By the Mountain Bound is the second book in Elizabeth Bear’s The Edda of Burdens series. It is set before the events of All the Windracked Stars (post) so you could read them in either order, but I think it works best as I’ve done it this time (tho obviously as this is my first read of this book I haven’t tried out the other way round yet!).
The three protagonists of the story are the Wolf (Mingan), the Historian (Muire) and the Warrior (Strifbjorn) – the same three as in All the Windracked Stars, although Strifbjorn is reborn as the mortal Cathoair in that book. Muire was central in the first book, this book is the Wolf’s. Strifbjorn and Muire are both immortal Children of the Light, waelcyrge. (Immortal in the un-ageing sense – they can still be killed, for instance in battle.) The Wolf is … not quite the same as them, he is also a survivor from the world before there’s, and was already there when the Children first came into being. When the story opens superficially all is well in the world – we see where the cracks are but there’s nothing threatening about them. The opening chapters establish the world with a wedding between two waelcyrge, where we learn (amongst other things) that Strifbjorn is their war leader and they have no Cynge and no Lady despite setting chairs out for both. Into this good-enough world comes Heythe, who quickly establishes herself as the Lady returned. All is, of course, not quite what it seems and Heythe is soon manipulating the warlcyrge into their seemingly inevitable slide towards apocalypse.
The waelcyrge are not just warriors and avengers of mortals, they are also beings with loves of their own. And this story is also about loving unwisely or too well, and the consequences of that. When waelcyrge marry they share a part of their soul with their spouse via a kiss, but of course you don’t have to be married to kiss the one you love. Yet social pressure keeps most from risking such a thing pre-marriage – after all, if something changes and then you marry someone else then that someone else will discover they are sharing their soul not just with their spouse but their spouse’s previous lover. It’s the idea of pre-marital sex “tainting” those who do it, but applied rather more even-handedly. It’s clear that this attitude is to be seen as one of the flaws of waelcyrge society which Heythe exploits rather than a good thing. Waelcyrge are not terribly fertile, so marrying and having children to replace those who die are exalted to an almost sacred duty – Strifbjorn as war leader is under a lot of pressure to do so to set a good example. And there is no shortage of waelcyrge women who would marry him – some, like Muire, because they are in love with him, some because of the prestige being his wife would bring them. But unknown to the other waelcyrge Strifbjorn and Mingan are not just lovers, but have shared the kiss. And so the world of the waelcyrge is not as robust as it looks on the surface.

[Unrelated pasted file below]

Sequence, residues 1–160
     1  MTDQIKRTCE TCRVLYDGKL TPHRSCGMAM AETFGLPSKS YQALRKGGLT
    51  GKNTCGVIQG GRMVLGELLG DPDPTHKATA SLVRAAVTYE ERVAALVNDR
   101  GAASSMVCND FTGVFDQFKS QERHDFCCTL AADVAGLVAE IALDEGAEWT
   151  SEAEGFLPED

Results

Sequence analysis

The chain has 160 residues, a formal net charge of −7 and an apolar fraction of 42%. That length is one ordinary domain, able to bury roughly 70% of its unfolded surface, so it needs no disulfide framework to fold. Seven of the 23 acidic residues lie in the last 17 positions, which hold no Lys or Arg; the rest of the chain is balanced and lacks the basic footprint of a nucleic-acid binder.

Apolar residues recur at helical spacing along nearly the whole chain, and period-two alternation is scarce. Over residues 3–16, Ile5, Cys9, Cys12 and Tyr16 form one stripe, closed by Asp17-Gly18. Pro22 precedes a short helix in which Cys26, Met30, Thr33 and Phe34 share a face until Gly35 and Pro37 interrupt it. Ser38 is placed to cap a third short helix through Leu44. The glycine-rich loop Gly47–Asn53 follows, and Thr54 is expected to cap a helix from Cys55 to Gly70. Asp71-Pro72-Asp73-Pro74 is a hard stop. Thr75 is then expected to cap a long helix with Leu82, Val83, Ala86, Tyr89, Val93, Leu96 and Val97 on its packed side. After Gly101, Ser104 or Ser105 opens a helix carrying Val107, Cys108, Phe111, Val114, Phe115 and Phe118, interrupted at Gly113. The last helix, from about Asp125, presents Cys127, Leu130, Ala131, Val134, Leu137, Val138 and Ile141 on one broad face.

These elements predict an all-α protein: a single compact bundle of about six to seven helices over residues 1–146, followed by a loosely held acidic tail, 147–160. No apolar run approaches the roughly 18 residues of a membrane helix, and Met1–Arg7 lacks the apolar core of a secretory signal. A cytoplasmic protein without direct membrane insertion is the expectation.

This book is a tragedy, not just in the modern sense of ending with dead people but in the original Greek sense too – it’s the inevitable working out of the flaws of the characters & society. The reason I think the ordering of these books works best this way round is that right from the beginning of this book you know where it ends. It ends with the end of the world, in blood and in ice. With Muire, the Wolf and Kasimir the only survivors of an apocalyptic battle pitting waelcyrge against waelcyrge and killing nearly all of them. So even the moments of hope and partial triumph are against a backdrop of watching the world end. It’s not depressing though – in part because for all the world ends in that battle, we also know from the first book that it’s not totally over and that there is yet hope.
In a nice touch this book ends almost exactly where the first one begins. We see some of the same scenes (not word for word, I think, but close enough to resonate), interspersed (and followed) with new information. But the repeated scenes have completely different emotional weight this time. At the beginning of the first book it’s just back story & characterisation – ticking little boxes for who these people are: “Muire, waelcyrge, survivor’s guilt” etc. This time tho, these are people we know and have come to care about over the course of the book and watching them die is heartbreakingly poignant (yet tragically inevitable).
Thoroughly recommended, and at time of writing I’m halfway through the next one & trying to make it last so that my time in this world with these characters won’t be over so soon.